‘Dreaming Anastasia’ author Joy Preble inspired by history

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Part 2 of 2. Click here to read Part 1.

Joy Preble‘s books, “Dreaming Anastasia” and “Haunted” are full of layers. Some are clearly visible and others peal back like an onion, but readers can be rest assured that there’s a reason for it all.

“Dreaming Anastasia” follows a modern-day girl, Anne, as her life collides with one of the most romanticized figures in recent history, Anastasia Romanov. “Haunted,” the second book in a planned trilogy, follows Anne as she learns about her Russian ancestry and tries to deal with its consequences. Paranormal twists and compelling folklore mix with history in these dynamic books.

The idea for the books came from a number of places, Joy told me. But, like most of her writing, it really started with a voice — Anne’s. “Anne was the first thing I wrote in this book. … She was funny and she was a little snarky and she was a little sad, I thought, though I wasn’t sure why.”

Joy saw this girl sitting in history class, writing a note to her friend. The teacher had been teaching about the Russian Revolution, which was Joy’s other influence. She loves that period of history.

“I love that idea of such a tragic story with the Romanov assassination, and Rasputin and all those rumors that Anastasia may not have died,” she said. “That story has resonated with me for probably a number of years.”

Add in Joy’s passion for historical fiction and paranormal fantasy, and suddenly things just started working themselves out. “All the things I loved came together in my head,” she said. “I thought, ‘What if I took this girl whose page I’ve written and I collided her against history somehow?’ … So the best way to do that, of course, was to introduce a handsome and mysterious hottie, who turns out to be Ethan, and she literally smacks into him.”

In Joy’s book, Anastasia isn’t dead; she hasn’t even aged, though nearly a century has passed. There’s a history underneath the history, and Anne’s job becomes saving Anastasia. Furthermore, if Anne is successful, she’ll save the handsome hottie, too. In that way, Joy said, the story became a reverse fairy tale.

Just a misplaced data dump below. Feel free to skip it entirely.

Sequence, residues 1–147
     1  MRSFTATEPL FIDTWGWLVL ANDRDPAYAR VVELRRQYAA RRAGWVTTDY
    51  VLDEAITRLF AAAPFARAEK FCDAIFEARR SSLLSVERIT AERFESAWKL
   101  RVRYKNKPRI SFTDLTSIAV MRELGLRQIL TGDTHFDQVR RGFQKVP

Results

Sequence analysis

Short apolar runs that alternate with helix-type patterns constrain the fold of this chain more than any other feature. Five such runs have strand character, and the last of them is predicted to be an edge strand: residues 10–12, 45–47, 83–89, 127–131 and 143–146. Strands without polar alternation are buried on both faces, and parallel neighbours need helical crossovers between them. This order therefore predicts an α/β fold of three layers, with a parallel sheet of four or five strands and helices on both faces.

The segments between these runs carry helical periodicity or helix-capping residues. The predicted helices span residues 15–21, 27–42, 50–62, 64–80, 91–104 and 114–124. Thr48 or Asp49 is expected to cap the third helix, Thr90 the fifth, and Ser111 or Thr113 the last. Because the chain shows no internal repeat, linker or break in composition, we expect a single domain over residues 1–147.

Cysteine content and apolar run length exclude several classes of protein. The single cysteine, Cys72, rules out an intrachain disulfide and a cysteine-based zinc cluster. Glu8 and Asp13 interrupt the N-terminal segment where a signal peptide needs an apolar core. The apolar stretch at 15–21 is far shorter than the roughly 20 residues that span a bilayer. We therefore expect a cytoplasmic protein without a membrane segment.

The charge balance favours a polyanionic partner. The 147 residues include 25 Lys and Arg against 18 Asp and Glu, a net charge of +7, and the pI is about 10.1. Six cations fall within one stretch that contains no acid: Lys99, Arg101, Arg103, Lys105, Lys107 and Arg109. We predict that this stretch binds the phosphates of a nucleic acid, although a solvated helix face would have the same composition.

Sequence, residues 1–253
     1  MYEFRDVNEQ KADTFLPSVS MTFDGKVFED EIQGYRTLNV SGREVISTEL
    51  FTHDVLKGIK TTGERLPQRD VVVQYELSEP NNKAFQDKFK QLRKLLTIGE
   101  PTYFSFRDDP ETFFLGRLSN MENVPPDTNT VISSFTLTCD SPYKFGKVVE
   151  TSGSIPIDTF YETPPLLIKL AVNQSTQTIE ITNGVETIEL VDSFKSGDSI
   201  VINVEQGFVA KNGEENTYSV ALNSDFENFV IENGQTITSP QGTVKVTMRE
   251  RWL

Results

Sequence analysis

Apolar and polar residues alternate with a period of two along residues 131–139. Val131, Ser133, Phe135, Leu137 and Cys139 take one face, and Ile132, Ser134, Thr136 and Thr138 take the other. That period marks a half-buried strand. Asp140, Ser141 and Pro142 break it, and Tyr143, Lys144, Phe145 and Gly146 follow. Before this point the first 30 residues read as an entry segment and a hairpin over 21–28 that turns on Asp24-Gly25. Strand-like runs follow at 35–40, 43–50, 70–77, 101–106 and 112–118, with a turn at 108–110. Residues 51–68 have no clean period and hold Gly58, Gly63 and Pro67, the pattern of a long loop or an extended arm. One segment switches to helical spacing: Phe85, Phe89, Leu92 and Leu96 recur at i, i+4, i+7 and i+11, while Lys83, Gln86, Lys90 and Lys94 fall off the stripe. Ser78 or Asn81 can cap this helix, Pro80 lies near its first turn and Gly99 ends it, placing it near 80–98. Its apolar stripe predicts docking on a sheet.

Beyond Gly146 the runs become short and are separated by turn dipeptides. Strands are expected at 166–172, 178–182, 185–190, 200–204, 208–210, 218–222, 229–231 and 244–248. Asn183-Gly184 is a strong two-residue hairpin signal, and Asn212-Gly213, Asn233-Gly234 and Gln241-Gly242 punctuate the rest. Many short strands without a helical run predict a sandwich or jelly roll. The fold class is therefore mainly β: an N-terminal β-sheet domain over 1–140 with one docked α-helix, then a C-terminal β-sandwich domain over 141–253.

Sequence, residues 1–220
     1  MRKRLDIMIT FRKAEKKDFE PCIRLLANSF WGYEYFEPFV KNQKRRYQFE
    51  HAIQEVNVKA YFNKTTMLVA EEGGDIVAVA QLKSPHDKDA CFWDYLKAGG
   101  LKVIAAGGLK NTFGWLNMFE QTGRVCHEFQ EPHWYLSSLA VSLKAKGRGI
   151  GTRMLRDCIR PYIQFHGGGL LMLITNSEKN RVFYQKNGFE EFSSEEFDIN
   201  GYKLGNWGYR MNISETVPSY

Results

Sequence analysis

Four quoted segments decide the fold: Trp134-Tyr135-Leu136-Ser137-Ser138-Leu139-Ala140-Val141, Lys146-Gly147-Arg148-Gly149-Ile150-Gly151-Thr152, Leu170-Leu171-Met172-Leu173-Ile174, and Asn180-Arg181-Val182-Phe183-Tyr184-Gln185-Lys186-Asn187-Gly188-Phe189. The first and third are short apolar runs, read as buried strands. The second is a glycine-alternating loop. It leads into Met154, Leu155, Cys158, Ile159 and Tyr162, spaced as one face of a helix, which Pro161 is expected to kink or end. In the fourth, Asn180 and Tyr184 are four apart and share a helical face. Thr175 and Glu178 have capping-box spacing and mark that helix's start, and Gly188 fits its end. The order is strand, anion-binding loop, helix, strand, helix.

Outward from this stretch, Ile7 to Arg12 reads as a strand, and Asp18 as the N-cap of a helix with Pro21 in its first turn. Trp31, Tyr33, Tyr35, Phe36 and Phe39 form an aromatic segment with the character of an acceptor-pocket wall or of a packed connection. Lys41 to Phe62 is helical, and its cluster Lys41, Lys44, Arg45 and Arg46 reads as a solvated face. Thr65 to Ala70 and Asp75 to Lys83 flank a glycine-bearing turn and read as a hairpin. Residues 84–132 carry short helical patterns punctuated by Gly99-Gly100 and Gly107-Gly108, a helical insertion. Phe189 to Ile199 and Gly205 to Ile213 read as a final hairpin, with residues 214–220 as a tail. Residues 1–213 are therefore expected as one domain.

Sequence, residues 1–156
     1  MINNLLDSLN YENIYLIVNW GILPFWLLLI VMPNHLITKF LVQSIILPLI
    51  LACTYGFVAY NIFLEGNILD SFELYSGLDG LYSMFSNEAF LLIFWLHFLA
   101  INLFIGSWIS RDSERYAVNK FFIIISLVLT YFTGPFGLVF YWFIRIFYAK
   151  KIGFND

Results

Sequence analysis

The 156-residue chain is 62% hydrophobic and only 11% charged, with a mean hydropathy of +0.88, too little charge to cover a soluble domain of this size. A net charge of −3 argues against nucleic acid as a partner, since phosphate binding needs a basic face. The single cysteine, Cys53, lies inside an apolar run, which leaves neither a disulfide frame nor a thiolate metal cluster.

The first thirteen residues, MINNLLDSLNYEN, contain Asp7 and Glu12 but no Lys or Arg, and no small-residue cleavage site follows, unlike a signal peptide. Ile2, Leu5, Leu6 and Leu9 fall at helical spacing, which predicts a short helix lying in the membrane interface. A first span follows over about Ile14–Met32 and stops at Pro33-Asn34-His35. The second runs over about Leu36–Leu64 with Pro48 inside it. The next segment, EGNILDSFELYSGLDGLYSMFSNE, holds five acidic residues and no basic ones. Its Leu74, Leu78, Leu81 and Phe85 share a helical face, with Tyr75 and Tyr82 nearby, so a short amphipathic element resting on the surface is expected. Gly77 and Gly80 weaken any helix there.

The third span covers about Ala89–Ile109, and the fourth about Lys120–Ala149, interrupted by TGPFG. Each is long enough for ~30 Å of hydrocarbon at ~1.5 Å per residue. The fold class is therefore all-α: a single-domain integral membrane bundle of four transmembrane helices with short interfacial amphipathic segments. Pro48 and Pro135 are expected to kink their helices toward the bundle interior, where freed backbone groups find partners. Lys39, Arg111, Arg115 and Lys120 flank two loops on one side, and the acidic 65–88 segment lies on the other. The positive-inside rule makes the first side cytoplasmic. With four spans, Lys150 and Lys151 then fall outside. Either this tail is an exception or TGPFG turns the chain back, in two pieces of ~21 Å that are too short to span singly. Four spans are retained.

Joy’s story was quickly becoming a compilation of all the types of fiction she’s always loved. But it wouldn’t be complete without the added element of Russian folklore. It’s something Joy had always had an interest in, and it stemmed from her grandmother.

“My grandmother was from Russia, and she was sort of this gloriously unhappy large-scale person who had interesting story,” Joy said. “It always seems like all Russian stories, whether fairy tales or novels or the people’s stories, they’re always on this enormously large, complicated scale. I think in the back of my mind I thought, ‘What if I wrote something like that” What if I wrote something that had that many characters and twists and turns? And what if I made it a YA novel?'”

But saying you’re going to make something like that into a novel isn’t so easy. Something on this scale took a lot of research, particularly on the Russian Revolution and the Romanov family. “You really have to,” Joy said. “Because if you’re going to portray history, you want to portray history in a way that’s accurate.”

Joy turned to primary sources, utilizing document, notes and photographs she found on the Internet. “I had to really find out what actually happened,” she said. “Small details really add to the ambiance of the books.”

Folkloric touches didn’t come until revision. They weren’t in the original story, but Joy knew something was missing. From there, she found the character of the witch Baba Yaga, who has detachable arms and lives in a house with chicken feet, and the story of Vasilisa the Brave, who thwarted the witch with the help of a doll.

It’s there that Joy found metaphors, the things she really wanted to use within the story. She substituted Vasilisa’s doll with Anastasia’s nesting doll. The doll within a doll within a doll becomes secrets within secrets within secrets and layers within layers that play out through both her books. “It sounded like a rather ambitious idea but one that I wanted to do something with,” Joy said.

Told from multiple points of view, Joy says not everyone will like her books. But, she says, all books aren’t for everybody. “That’s the thing with art, you either like it or you don’t. But I like my points of view.”

Joy will be in Utah this Thursday and Friday. Click here for more details.

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About Author

Jessica Harrison is the main reviewer behind Cracking the Cover. Prior to creating Cracking the Cover, Jessica worked as the in-house book critic for the Deseret News, a daily newspaper in Salt Lake City. Jessica also worked as a copy editor and general features writer for the paper. Following that, Jessica spent two years with an international company as a social media specialist. She is currently a freelance writer/editor. She is passionate about reading and giving people the tools to make informed decisions in their own book choices.

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